The mechanisms by which obesity leads towards metabolic co-morbidities, such
as diabetes mellitus, are poorly understood and of great public health
interest. A study led by Matej Orešič from VTT Technical Research Centre of
Finland suggests that adaptation of fat cell membranes to obesity may play a
key role in the early stages of inflammatory disorders.
Millions of adults are diagnosed as obese each year worldwide. Many of these
people suffer from a disorder known as metabolic syndrome, which includes
symptoms such as hypertension and elevated blood cholesterol. They are also at
risk of developing additional diseases, such as heart disease and diabetes
mellitus. Obesity may, in fact, be a major cause of all these problems - the
question is, why?
Kirsi H. Pietiläinen (Obesity Research
Unit, Helsinki University Central Hospital), Antonio Vidal-Puig (University of
Cambridge), Matej Orešič and colleagues set out to address this question in
their paper published on June 7th 2011 in the online, open access journal PLoS
The team used lipidomics to study the fat tissue
biopsies among several sets of monozygotic twins. In each twin pair, one twin
was obese (but not morbidly obese), while the other twin exhibited a normal
body mass index. Because monozygotic twins share the same DNA and early
upbringing, the impact of these factors on adult body mass phenotypes is
accounted for, leaving other factors such as adult diet and lifestyle choices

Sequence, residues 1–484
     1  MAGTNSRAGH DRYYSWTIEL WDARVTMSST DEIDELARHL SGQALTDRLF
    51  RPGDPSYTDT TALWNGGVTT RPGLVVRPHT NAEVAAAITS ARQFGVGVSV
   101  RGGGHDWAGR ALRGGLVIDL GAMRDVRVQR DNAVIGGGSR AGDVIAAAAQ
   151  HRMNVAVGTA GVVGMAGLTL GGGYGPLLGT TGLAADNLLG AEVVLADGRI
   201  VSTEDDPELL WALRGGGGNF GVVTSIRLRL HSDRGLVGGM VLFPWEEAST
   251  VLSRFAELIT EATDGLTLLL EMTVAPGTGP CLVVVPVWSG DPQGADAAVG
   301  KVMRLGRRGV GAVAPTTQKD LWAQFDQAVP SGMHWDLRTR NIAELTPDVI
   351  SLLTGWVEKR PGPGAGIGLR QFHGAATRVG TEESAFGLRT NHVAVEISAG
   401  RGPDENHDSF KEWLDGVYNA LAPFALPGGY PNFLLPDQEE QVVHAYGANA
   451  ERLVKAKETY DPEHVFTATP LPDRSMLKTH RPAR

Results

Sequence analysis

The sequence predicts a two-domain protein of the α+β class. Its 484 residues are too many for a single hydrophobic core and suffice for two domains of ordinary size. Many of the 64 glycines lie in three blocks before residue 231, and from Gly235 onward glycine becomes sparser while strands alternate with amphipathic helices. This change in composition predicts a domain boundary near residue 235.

as the major variables.
When the authors compared dietary
intake within twin sets, they found that obese twins had lower amounts of
polyunsaturated fatty acids in their diets than did their non-obese
counterparts. The kinds of fats a person eats can affect what types of lipids
are present in the body. Unexpectedly, the authors found the obese people had
higher amounts of certain types of lipids containing polyunsaturated fatty
acids in their adipose tissues than did their non-obese twins.
finding is interesting because cell membranes are primarily composed of
lipids, and different lipids can alter a membrane’s physical properties, such
as fluidity. When the authors used computers to model the effect of these
different lipids on adipose cell membranes, they found that the new lipids
observed in the cells of the obese twins balanced each other in such a way
that overall membrane fluidity was unaffected. The authors concluded that
lipid-content changes in obese individuals might actually be an adaptation
that serves to preserve membrane function as the cells expand. Additional
analyses suggested that this adaptation can only go so far, and breaks down in
the morbidly obese.
The authors also conducted a statistical
network analysis to attempt to identify the regulatory mechanisms underpinning
the changes and found the gene encoding the fatty acid elongase Elovl6 might
be involved in fatty acid remodelling in obese people. Indeed, when the
researchers reduced Elovl6 expression in an adipocyte cell line, they found
the cells could no longer maintain the right level of the adaptive lipids
observed in obese twins.
Collectively, the authors’ data
point to some of the mechanisms the body may use to adapt to excess fat. These
results may also help explain why obese people are at risk of developing
inflammatory disorders such as diabetes mellitus: the kinds of lipids that
accumulate in the adipocytes of obese people are precursors for compounds that
are known to aggravate the immune system. These findings, while needing to be
validated by further studies, nonetheless represent a valuable angle from
which to approach the problem.
Pietiläinen, T. Róg, T. Seppänen-Laakso, S. Virtue, P. Gopalacharyulu, J.
Tang, S. Rodriguez-Cuenca, A. Maciejewski, J. Naukkarinen, A. Rissanen, A.-L.
Ruskeepää, P. Niemelä, V. Velagapudi, S. Castillo, M. Sysi-Aho, T.
Hyötyläinen, J. Kaprio, H. Yki-Järvinen, I. Vattulainen, A. Vidal-Puig, M.
Orešič, Association of lipidome remodeling in the adipocyte membrane with
acquired obesity in humans, PLoS Biol. 9(6), e1000623 (2011).